Biden’s Milquetoast Response to Belarus Government’s Hijacking of Airplane

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Belarus is a tiny country nestled between Russia and Ukraine. Its government has operated under the influence of Russia for the last quarter-century and Belarus President Alexander Lukashenko is a Putin stooge.

Belarussian state security intercepted an Irish Ryanair flight from Athens to Vilnius, Lithuania, and forced it down because a dissident journalist was on board. The flight crew reported that explosives had been placed on board and since the threat was delivered over Belarusian air space, it was diverted to Minsk.

Lukashenko gave an “unequivocal order” to “make the plane do a U-turn and land,” according to a press release from his office translated by the New York Times. The plane was searched and no explosives were discovered.

The flight crew knew that the Belarus government meant business when an F-35 fighter jet appeared on its wingtip and “escorted” the plane to its landing in Minsk. It’s not exactly clear how an F-35 could have assisted the plane if a bomb had been on board but it’s crystal clear that the government wasn’t going to let that plane escape.

The EU remains true to form, sending the obligatory “strongly worded letter” to Lukashenko and the Belarussian government. The dissident journalist, Roman Protasevich, became the immediate darling of all the human rights groups that have been saying mean things about Belarus. They even managed to slap some meaningless sanctions on Belarus’s economy.

It’s important what the EU is doing about the outrage because Joe Biden is graciously allowing the Europeans to take the lead in dealing with the situation.

The United States condemns in the strongest possible terms both the diversion of the plane and the subsequent removal and arrest of Mr. Pratasevich. This outrageous incident and the video Mr. Pratasevich appears to have made under duress are shameful assaults on both political dissent and the freedom of the press. The United States joins countries around the world in calling for his release, as well as for the release of the hundreds of political prisoners who are being unjustly detained by the Lukashenka regime.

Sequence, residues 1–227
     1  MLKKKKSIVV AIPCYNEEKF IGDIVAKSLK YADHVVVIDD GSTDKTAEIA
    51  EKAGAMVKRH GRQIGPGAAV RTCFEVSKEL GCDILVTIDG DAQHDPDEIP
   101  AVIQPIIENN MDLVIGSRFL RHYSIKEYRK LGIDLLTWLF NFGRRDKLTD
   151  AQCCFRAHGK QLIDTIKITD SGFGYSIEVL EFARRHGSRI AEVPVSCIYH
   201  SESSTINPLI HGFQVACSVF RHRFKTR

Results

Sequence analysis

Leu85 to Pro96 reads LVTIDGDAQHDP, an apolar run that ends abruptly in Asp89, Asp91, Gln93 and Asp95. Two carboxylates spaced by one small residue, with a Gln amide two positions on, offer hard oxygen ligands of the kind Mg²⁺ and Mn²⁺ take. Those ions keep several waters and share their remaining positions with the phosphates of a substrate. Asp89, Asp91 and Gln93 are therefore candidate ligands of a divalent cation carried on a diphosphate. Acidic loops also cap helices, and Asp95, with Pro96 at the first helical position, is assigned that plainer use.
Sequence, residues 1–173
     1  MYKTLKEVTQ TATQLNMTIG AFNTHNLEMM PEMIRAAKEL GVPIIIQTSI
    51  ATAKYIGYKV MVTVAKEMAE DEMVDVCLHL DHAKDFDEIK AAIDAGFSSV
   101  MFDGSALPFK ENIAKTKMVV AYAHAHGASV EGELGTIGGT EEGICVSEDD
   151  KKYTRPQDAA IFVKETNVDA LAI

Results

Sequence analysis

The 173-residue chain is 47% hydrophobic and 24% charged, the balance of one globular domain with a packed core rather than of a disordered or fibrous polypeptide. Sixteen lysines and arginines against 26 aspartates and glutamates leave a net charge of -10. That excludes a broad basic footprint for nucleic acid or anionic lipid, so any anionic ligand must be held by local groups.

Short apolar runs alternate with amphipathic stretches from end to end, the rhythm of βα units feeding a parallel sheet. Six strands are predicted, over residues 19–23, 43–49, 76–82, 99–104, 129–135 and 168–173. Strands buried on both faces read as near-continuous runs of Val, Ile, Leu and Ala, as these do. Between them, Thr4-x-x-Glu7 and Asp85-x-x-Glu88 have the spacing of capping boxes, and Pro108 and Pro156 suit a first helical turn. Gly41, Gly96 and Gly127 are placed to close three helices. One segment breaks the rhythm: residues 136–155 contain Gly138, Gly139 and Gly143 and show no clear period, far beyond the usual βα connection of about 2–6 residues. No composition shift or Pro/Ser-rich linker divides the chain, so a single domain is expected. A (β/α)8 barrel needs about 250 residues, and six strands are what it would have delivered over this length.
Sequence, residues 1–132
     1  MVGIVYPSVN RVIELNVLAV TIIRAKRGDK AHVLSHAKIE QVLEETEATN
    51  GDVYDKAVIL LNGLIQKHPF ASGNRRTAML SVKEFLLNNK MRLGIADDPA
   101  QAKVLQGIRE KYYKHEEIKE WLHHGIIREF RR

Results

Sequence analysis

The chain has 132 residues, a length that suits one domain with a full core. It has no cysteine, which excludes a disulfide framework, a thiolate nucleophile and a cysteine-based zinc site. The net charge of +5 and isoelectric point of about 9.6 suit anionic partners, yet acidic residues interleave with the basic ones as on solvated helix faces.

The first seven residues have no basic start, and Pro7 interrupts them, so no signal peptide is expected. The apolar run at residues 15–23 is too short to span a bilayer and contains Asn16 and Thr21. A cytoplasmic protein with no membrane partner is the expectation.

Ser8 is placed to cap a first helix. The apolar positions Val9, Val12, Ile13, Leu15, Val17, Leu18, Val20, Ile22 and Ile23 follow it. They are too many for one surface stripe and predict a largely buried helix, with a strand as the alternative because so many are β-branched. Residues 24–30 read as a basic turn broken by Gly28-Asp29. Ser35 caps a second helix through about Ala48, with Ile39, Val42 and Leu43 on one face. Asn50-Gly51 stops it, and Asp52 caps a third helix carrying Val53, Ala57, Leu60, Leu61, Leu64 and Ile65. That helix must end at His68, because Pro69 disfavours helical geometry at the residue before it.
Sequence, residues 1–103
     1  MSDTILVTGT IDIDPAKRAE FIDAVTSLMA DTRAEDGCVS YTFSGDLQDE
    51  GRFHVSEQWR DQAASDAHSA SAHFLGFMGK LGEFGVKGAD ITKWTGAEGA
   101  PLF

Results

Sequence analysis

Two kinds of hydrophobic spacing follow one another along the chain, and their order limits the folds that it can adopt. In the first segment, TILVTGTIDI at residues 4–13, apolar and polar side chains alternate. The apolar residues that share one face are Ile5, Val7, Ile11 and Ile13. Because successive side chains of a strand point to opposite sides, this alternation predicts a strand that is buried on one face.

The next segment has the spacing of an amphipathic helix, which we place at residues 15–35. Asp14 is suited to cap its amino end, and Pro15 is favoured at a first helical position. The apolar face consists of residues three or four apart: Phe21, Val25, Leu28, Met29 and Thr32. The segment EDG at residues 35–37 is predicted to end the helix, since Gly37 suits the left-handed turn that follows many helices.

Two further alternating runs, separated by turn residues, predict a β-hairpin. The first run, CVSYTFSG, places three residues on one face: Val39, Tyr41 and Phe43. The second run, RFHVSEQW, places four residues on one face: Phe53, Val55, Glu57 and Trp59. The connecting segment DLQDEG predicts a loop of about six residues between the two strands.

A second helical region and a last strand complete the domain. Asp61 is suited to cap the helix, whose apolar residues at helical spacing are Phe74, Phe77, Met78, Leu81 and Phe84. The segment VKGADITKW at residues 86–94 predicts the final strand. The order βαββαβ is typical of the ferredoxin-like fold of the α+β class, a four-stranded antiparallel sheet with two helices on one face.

I join the many calls for an international investigation to ascertain the complete facts of the case. I welcome the news that the European Union has called for targeted economic sanctions and other measures, and have asked my team to develop appropriate options to hold accountable those responsible, in close coordination with the European Union, other allies and partners, and international organizations.

The EU was in the midst of a summit to discuss Russia and the continuing problems with Great Britain’s exit. Needless to say, Belarus became the number one topic of discussion.

Politico:

Throughout Monday, EU leaders denounced the interference with the flight taking passengers from one EU capital, Athens, to another, Vilnius. European Commission President Ursula von der Leyen called it “unacceptable.” Council President Charles Michel called it “unacceptable, shocking and scandalous.”

Belarus moved to the top of the agenda. And leaders’ conclusions on Russia — intended as a sharp message to Moscow by condemning “the illegal and provocative Russian activities against the EU, its Member States and beyond” — were relegated to an after-thought.

Biden’s wait-and-see attitude about the EU’s response to the crisis is exactly what isn’t needed. If there was ever a time for American leadership to assert itself, this is it. What about banning all Belarus flights from entering U.S. airspace? Or applying biting, meaningful sanctions, like denying the Belarussian government access to international banking? That nearly brought the Iranian economy to its knees and was only saved by Barack Obama’s timely surrender in 2015.

Authoritarian and dictatorial governments have been getting away with this kind of impunity for many years. Putin’s poisonings, Iran’s assassinations — violating the norms of international behavior has weakened the entire post-World War II legal architecture. Bad governments continue to do bad things to people because there are no consequences to suffer. When Kim Jong-un had his own half-brother murdered in broad daylight in the middle of a busy airport terminal, that horrific act rated barely a mention from our state department.

If Putin, Iran, Kim, and the rest of the tyrants want to begin playing by the rules of the jungle, they will probably not live to regret it. They only thrive because the rest of the world stands by impotently while the few prey upon the weak.

Until that changes, we can expect more incidents like the one that took place in the skies over Belarus.